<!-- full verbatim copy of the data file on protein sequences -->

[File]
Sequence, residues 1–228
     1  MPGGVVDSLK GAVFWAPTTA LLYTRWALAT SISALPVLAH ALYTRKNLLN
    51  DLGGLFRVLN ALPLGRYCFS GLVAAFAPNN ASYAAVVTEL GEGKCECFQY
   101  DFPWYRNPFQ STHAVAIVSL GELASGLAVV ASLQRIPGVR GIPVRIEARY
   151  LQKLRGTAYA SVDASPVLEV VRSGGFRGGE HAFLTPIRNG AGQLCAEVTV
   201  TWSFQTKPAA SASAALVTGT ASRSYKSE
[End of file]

Sequence, residues 1–228
     1  MPGGVVDSLK GAVFWAPTTA LLYTRWALAT SISALPVLAH ALYTRKNLLN
    51  DLGGLFRVLN ALPLGRYCFS GLVAAFAPNN ASYAAVVTEL GEGKCECFQY
   101  DFPWYRNPFQ STHAVAIVSL GELASGLAVV ASLQRIPGVR GIPVRIEARY
   151  LQKLRGTAYA SVDASPVLEV VRSGGFRGGE HAFLTPIRNG AGQLCAEVTV
   201  TWSFQTKPAA SASAALVTGT ASRSYKSE